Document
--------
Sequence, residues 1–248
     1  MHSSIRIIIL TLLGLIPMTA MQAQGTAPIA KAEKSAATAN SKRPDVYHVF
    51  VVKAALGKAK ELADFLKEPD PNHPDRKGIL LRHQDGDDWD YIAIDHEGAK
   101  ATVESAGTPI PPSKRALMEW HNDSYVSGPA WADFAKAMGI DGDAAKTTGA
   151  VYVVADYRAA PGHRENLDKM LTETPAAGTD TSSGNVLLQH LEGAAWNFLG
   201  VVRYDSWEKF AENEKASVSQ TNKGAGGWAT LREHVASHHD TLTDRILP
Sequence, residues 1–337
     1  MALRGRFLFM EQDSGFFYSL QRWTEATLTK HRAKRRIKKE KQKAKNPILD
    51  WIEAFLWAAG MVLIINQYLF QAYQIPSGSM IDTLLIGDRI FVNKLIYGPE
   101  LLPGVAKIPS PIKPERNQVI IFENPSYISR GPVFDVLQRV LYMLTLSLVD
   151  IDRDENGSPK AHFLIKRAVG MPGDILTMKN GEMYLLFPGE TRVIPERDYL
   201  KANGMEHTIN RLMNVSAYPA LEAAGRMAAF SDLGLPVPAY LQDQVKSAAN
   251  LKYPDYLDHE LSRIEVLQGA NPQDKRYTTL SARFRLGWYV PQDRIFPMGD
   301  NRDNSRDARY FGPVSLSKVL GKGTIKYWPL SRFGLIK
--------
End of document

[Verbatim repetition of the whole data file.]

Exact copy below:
Sequence, residues 1–248
     1  MHSSIRIIIL TLLGLIPMTA MQAQGTAPIA KAEKSAATAN SKRPDVYHVF
    51  VVKAALGKAK ELADFLKEPD PNHPDRKGIL LRHQDGDDWD YIAIDHEGAK
   101  ATVESAGTPI PPSKRALMEW HNDSYVSGPA WADFAKAMGI DGDAAKTTGA
   151  VYVVADYRAA PGHRENLDKM LTETPAAGTD TSSGNVLLQH LEGAAWNFLG
   201  VVRYDSWEKF AENEKASVSQ TNKGAGGWAT LREHVASHHD TLTDRILP
Sequence, residues 1–337
     1  MALRGRFLFM EQDSGFFYSL QRWTEATLTK HRAKRRIKKE KQKAKNPILD
    51  WIEAFLWAAG MVLIINQYLF QAYQIPSGSM IDTLLIGDRI FVNKLIYGPE
   101  LLPGVAKIPS PIKPERNQVI IFENPSYISR GPVFDVLQRV LYMLTLSLVD
   151  IDRDENGSPK AHFLIKRAVG MPGDILTMKN GEMYLLFPGE TRVIPERDYL
   201  KANGMEHTIN RLMNVSAYPA LEAAGRMAAF SDLGLPVPAY LQDQVKSAAN
   251  LKYPDYLDHE LSRIEVLQGA NPQDKRYTTL SARFRLGWYV PQDRIFPMGD
   301  NRDNSRDARY FGPVSLSKVL GKGTIKYWPL SRFGLIK